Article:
EE has today been fined £2,700,000 by Ofcom for overcharging tens of thousands of its customers.
The penalty is the result of an investigation into the mobile phone provider, which found that the company broke a fundamental billing rule on two separate occasions.1
First, EE customers who called the company’s ‘150’ customer services number while roaming within the EU were incorrectly charged as if they had called the United States.
This mistake saw customers charged £1.20 per minute, instead of 19p per minute. As a result, at least 32,145 customers were overcharged around £245,700 in total.2
Ofcom’s investigation found that EE’s carelessness or negligence contributed to these billing errors.(3) In addition, while it did not set out to make money from its billing mistake, EE had decided not to reimburse the majority of affected customers until Ofcom intervened. EE wrongly decided it couldn’t identify the people it overcharged and was proposing to give their money to charity, which would have left them out of pocket.
Second, despite making it free to call or text the ‘150’ number from within the EU from 18 November 2015, EE continued to bill 7,674 customers up until 11 January 2016. In total, these customers were overcharged £2,203.33, although EE did take prompt action on this occasion and issued full refunds to those affected.
Lindsey Fussell, Ofcom’s Consumer Group Director, said: “EE didn’t take enough care to ensure that its customers were billed accurately. This ended up costing customers thousands of pounds, which is completely unacceptable.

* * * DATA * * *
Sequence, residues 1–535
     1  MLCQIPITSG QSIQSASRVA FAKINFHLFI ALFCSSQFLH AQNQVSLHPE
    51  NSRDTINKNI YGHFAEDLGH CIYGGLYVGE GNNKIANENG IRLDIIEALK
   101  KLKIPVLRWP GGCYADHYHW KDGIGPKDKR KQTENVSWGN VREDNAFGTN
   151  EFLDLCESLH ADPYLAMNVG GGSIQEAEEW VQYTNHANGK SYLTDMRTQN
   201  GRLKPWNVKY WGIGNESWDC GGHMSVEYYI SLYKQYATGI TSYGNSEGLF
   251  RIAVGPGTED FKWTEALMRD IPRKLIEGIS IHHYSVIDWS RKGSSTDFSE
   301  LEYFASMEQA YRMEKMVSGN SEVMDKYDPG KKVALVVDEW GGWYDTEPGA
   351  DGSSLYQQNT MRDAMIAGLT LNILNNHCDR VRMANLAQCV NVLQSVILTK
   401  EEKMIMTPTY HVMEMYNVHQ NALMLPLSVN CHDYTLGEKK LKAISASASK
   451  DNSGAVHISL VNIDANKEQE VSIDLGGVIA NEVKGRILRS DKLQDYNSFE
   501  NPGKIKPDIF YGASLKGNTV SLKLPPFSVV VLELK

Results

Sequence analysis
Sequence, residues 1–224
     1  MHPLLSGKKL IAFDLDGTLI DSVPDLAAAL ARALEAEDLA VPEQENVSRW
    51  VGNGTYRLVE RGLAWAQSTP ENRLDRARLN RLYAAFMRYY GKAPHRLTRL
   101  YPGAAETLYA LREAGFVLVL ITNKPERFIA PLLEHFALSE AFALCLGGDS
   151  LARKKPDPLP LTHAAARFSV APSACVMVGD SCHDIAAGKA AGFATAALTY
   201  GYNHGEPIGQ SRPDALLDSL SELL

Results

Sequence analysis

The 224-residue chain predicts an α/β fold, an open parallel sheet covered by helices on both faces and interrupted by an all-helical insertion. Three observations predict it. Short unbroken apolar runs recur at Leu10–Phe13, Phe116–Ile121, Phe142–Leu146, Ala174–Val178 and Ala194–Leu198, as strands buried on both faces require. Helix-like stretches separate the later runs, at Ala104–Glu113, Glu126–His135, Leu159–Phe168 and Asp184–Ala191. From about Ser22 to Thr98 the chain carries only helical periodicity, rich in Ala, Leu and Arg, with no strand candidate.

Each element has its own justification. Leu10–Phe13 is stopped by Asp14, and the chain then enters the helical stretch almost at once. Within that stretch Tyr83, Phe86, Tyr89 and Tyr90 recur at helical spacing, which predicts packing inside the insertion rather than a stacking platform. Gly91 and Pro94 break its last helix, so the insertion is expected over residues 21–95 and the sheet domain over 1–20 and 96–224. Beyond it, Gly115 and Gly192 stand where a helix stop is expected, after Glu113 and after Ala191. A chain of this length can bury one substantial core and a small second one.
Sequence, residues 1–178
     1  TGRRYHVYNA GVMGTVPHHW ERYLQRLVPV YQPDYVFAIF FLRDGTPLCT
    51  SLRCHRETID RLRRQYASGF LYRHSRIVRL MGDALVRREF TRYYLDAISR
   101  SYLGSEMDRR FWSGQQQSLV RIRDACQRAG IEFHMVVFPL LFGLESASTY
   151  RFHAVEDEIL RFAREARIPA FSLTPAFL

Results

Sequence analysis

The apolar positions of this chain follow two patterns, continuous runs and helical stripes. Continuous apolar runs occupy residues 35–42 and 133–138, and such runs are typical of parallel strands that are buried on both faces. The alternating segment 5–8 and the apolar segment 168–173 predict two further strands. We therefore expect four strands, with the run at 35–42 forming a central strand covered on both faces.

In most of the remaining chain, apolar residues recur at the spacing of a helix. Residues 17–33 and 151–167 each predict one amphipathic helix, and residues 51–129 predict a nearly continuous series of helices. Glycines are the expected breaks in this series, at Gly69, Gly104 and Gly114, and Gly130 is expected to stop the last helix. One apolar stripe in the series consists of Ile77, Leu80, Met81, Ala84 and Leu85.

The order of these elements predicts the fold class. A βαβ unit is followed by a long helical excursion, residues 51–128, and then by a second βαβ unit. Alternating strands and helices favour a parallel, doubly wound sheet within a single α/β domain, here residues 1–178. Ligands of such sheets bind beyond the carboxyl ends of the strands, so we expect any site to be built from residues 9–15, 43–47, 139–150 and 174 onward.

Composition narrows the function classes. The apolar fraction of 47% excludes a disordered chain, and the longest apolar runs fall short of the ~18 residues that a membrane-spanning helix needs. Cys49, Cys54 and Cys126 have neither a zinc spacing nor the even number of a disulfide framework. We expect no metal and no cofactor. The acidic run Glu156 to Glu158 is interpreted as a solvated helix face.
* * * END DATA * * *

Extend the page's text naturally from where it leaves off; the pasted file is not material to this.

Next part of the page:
“We monitor how phone companies bill their customers, and will not tolerate careless mistakes. Any company that breaks Ofcom’s rules should expect similar consequences.”
As a result of these failings, Ofcom has today imposed a penalty of £2,700,000 on EE. The fine, which must be paid to Ofcom within 20 working days, will be passed on to HM Treasury.
The penalty incorporates a 10% reduction to reflect EE’s agreement to enter into a formal settlement, which will save public money and resources. As part of this agreement, EE admits and takes full responsibility for the breaches.
Ofcom recognises that the majority of customers have now been refunded. However, EE was unable to identify at least 6,905 customers, who were more than £60,000 out of pocket in total.
EE has made a donation of just under £62,000 to charity in lieu of the payments owed to these customers. However, in addition to today’s fine, Ofcom is requiring EE to make further attempts to trace and refund every customer who was overcharged.
NOTES FOR EDITOR